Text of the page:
It’s a crazy world we live in 😉
George Costanza, the deceitful friend of Jerry Seinfeld explains the ways by which one can become a great liar: “Jerry, just remember, it’s not a lie if you believe it.” There you have it folks. Explained in a nutshell…
Even though Kelly Brook has now been told she will not be the 4th judge on the new series of Britain’s Got Talent (Aawww!) I’ll be tuning in to observe this stuff and still disbelieving the level of self-deception going on…
Personally, I view confidence as “the courage to act”- less a belief and more a challenge to the risk in a situation. Of course, we can divide confidence into many sub categories (such as “self confidence”) until we are all blue in the face. We all have our definitions. But I like to think of confidence as an action- a spark that ignites a beginning.
I’m a writer and, way back in the temporal distance, I was an actor of sorts. A theatre studies degree student to be precise. I needed confidence to be able to stand in front of an audience and act. In the second year, we had to do an outside theatre project. We had to perform what many would call “the maddest script ever” at Bangor train station. Basically, we were all playing “odd” characters and we had to interact with the audience as if we weren’t performing and as if they weren’t watching a play. I vividly remember the moment that I had to interact with the audience in character. The only people on the station platform were two gorgeous women. And what did I have to say to them to make sure I didn’t fail this exam performance? “I remember you from Vietnam. You were fatter and had ginger hair!”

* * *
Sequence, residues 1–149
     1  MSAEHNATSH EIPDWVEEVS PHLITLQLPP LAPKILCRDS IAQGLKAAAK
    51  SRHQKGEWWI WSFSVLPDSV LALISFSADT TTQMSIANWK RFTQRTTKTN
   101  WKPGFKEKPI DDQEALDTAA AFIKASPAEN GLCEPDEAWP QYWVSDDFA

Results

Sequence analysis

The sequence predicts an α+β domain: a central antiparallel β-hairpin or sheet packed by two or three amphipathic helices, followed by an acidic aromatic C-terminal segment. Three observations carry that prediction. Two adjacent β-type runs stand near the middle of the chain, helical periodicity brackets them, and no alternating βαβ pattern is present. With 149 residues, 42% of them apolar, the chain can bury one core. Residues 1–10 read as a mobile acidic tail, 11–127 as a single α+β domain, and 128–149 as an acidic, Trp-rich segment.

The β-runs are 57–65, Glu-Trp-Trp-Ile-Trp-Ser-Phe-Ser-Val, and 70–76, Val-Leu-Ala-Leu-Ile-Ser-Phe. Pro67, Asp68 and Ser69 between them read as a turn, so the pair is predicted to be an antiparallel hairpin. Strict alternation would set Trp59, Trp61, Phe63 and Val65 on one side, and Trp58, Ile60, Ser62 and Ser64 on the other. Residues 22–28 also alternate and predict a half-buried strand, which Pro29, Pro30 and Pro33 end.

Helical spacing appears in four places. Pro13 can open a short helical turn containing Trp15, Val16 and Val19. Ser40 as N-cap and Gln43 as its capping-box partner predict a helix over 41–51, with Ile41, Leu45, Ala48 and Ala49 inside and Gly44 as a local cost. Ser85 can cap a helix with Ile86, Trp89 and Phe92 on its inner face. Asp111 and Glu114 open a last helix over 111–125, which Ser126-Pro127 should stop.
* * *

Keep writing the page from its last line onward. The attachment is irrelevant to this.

Things went from “interesting” to “dodgy” during that performance, especially when the local police turned up to investigate. Soon, many of us were facing a choice between passing our degrees but getting arrested in the process or failing and running for the hills. I’ve done a lot of acting over the years and had a solo in an amateur production of a musical (I can sing but I’m not going anywhere near The X Factor) but my proudest moment was performing on the professional stage in Wales. I had forty-five minutes worth of a play to learn and a two-page monologue to memorise and perform. The performances went down a storm and I was even approached on the street to be told how good I’d been in the play.